NATO’s CESMO initiative promises a step change in how the alliance collects electronic intelligence offering tactical, operational and strategic advantages.
An accurate, timely electronic order-of-battle detailing the identity of hostile ground-based air surveillance and fire control/ground-controlled interception radars is to the Offensive Counter Air (OCA) battle what Mozzarella cheese and tomato is to pizza. Quite simply the success of Suppression of Enemy Air Defence (SEAD) efforts, a key element of the Offensive Counter-Air battle, is dependent on the SEAD force possessing the most accurate Electronic Intelligence (ELINT) possible. This not only helps the SEAD force ascertain where to direct its kinetic and electronic effects against such targets, but also allows other aircraft to plan their sorties in such a way as to avoid, or reduce, the chance of detection by these radars.
Link-16 remains the standard track and tactical information Tactical Data Link (TDL) used by the North Atlantic Treaty Organisation (NATO) and allied nations during air operations. Few would argue with Link-16’s positive influence on air operations. One paper it can support data rates of up to one megabit-per-second, although in practice, data rates tend to be noticeably lower across the 960 megahertz/MHz to 1.215 gigahertz/GHz frequencies it uses, typically hovering around the 115 kilobits-per-second/kbps mark.
The TDL can handle tactical traffic concerning Electronic Warfare (EW), typically the J14 and J14.0 series messages it handles which relate to emitter parametric information and EW control coordination respectively. Parametric information relates to the characteristics of radar emissions in the locale of the operation. Analysing this information will often help to betray the identity of those radars. Once this is known, it is possible to decide which countermeasures will be most effective in neutralising them.
As the TDL is not designed exclusively to handle EW information, with just two albeit important categories of electronic warfare data handled by Link-16, another means of handling EW information in the air environment has emerged known as CESMO (Cooperative ESM Operations). NATO’s CESMO initiative performs an elegantly simple function: It detects and locates electromagnetic threats, notably radar, by gathering ELINT collected by several disparate aircraft and federating this to provide an accurate picture of where hostile radars maybe located at any particular time.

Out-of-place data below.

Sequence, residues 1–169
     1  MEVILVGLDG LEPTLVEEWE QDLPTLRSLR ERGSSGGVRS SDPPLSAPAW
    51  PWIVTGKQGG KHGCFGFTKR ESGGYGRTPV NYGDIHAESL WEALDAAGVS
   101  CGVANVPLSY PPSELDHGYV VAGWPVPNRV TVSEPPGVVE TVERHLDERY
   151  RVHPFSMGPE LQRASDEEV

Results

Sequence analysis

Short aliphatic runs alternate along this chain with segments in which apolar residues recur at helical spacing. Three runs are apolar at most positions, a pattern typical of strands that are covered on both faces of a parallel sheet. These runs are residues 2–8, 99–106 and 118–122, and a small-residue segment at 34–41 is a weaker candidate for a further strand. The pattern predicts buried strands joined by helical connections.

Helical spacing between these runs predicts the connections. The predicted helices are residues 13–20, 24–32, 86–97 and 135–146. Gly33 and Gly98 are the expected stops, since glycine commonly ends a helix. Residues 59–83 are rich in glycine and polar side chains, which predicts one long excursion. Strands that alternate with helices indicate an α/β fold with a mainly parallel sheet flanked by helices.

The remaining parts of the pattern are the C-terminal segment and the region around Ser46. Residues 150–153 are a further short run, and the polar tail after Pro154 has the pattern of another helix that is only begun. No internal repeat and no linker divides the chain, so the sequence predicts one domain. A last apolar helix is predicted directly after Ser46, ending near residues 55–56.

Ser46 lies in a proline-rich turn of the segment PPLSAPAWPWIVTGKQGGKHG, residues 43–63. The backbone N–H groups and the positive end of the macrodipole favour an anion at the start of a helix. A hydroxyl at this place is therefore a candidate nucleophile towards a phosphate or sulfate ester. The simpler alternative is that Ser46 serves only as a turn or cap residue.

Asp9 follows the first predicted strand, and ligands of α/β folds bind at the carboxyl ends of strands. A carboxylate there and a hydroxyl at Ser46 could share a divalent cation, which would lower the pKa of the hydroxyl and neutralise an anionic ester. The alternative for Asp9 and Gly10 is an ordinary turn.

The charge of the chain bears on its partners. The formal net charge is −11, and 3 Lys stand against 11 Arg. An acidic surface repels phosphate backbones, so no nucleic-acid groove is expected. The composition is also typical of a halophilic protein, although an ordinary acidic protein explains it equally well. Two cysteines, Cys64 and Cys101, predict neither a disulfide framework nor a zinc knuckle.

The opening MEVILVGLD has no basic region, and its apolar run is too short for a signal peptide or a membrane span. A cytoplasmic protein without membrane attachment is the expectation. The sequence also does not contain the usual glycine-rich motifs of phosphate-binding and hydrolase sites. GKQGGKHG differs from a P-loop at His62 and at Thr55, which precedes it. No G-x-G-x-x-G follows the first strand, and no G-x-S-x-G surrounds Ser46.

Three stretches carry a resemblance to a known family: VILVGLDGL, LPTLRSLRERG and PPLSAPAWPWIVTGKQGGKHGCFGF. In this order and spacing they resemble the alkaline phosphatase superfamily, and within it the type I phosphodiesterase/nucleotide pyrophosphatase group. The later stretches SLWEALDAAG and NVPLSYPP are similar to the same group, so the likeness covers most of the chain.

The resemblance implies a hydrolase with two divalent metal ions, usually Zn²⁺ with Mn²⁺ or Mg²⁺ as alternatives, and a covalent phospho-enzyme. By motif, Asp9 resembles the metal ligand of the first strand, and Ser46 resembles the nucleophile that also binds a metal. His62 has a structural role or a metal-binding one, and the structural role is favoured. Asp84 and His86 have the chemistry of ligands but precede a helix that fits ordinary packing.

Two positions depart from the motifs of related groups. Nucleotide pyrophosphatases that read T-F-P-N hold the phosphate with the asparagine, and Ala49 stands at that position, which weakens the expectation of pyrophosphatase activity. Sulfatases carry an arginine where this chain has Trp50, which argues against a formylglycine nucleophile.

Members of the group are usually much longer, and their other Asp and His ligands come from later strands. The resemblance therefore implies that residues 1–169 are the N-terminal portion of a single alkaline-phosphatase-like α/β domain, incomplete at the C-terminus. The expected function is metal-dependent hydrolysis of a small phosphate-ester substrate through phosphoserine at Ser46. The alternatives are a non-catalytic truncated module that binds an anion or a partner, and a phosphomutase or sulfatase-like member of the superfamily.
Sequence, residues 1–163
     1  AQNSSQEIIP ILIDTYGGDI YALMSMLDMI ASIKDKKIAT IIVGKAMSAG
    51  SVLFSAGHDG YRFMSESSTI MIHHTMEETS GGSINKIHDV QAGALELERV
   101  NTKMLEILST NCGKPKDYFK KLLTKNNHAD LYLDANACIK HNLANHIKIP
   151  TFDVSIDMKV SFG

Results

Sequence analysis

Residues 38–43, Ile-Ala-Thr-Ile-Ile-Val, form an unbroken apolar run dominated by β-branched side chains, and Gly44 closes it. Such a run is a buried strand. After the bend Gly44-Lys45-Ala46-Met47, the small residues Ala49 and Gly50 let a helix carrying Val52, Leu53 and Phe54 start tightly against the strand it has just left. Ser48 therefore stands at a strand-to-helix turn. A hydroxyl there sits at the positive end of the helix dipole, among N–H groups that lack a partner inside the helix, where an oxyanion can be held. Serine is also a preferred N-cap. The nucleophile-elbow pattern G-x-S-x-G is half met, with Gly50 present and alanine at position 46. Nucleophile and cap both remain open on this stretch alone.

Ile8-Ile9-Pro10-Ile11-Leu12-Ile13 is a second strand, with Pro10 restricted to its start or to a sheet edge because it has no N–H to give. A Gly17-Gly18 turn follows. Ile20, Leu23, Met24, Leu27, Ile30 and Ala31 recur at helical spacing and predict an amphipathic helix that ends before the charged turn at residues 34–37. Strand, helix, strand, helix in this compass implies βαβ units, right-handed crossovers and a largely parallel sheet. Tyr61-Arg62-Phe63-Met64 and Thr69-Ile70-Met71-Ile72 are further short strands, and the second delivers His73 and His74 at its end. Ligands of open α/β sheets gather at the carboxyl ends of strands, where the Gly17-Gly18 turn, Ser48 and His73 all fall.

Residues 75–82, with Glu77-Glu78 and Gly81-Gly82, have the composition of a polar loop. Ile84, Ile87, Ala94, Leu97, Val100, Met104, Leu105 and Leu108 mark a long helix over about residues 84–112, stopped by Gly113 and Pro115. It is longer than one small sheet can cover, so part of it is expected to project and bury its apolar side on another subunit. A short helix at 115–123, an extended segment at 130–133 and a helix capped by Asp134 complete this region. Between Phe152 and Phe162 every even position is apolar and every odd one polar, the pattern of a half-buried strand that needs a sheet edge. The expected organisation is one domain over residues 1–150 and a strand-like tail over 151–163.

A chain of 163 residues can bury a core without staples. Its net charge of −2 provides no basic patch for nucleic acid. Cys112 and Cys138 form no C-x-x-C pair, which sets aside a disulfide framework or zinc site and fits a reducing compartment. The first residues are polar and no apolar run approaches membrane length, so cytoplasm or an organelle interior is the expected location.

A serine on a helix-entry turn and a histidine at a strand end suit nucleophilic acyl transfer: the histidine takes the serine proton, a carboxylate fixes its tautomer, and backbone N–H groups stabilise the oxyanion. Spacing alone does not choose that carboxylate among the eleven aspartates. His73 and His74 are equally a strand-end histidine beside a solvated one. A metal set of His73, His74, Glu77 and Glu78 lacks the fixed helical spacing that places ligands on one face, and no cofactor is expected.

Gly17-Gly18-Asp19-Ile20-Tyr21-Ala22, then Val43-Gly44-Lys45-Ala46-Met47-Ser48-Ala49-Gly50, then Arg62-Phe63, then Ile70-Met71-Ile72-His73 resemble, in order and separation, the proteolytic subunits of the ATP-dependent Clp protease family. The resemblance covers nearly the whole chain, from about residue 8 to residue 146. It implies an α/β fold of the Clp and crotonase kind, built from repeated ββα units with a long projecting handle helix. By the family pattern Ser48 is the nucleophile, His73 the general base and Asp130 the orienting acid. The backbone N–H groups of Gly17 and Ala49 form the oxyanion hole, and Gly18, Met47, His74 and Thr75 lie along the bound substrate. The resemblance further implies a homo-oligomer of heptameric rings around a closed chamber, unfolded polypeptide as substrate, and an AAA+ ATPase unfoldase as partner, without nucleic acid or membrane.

Radars are located using two methods; Angle-Of-Arrival (AOA) and Time of Arrival (TOA). AOA determines the Line-of-Bearing (LOB) from on point to another, in this case an aircraft and a hostile radar. Imagine that three aircraft are flying in the vicinity of a ground-based air surveillance radar. One aircraft is flying towards the radar on a north-south bearing. The second is flying on an east-west radial away from it. The third is flying on a south-north bearing towards the radar. Each aircraft is equipped with a Radar Warning Receiver (RWR). The RWR will detect and identify a radar transmission and determine its LOB relative to the aircraft. All three of our aircraft detect the same radar transmission. The RWR on the first aircraft determines a southern LOB to the radar. The RWR on the second determines a westerly LOB to the radar while the RWR on the third aircraft determines a northerly LOB. By using this information, it is possible to determine the radar’s position as the point where all three of these bearings meet. CESMO will compute this point using the ELINT derived from these aircraft’s RWRs, and fusing this with the aircraft’s positions as derived from their transmitted GNSS (Global Navigation Satellite System) coordinates to determine the radar’s location.
TOA works in a slightly different fashion. Sticking with our three aircraft, all of which are continuing to fly the same courses in the vicinity of the hostile radar. One aircraft is 100 nautical miles/nm (185.2 kilometres/km) away from the radar flying on north-south bearing towards it. The second is 150nm (277.8km) from the radar, flying on an east-west radial away from it, and the third is 50nm (92.6km) away from the radar flying on a south-north bearing towards it. Triangulation relies on the fact that radar transmissions travel at the speed of light; 161,595 nautical miles-per-second (299,274 kilometres-per-second). The radar transmissions will take a different amount of time to reach each aircraft’s RWR. For the first aircraft it will take the radar transmissions 0.6 milliseconds to reach the plane, for the second it will take 0.9 milliseconds and for the third it will take 0.1 milliseconds. As radar transmissions move at the speed of light, by calculating the difference in time it takes the radar transmissions to reach each of these aircraft relative to the aircraft’s position itis possible to calculate where the radar is located.